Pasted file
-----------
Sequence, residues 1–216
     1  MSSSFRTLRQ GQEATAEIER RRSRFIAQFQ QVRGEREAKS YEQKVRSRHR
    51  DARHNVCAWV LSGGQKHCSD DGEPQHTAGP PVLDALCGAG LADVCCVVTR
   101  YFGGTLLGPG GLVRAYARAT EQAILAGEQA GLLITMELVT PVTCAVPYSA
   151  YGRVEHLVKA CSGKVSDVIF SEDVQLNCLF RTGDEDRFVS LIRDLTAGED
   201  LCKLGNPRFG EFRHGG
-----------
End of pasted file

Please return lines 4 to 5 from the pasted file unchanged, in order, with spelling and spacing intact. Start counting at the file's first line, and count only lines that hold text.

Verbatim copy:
   101  YFGGTLLGPG GLVRAYARAT EQAILAGEQA GLLITMELVT PVTCAVPYSA
   151  YGRVEHLVKA CSGKVSDVIF SEDVQLNCLF RTGDEDRFVS LIRDLTAGED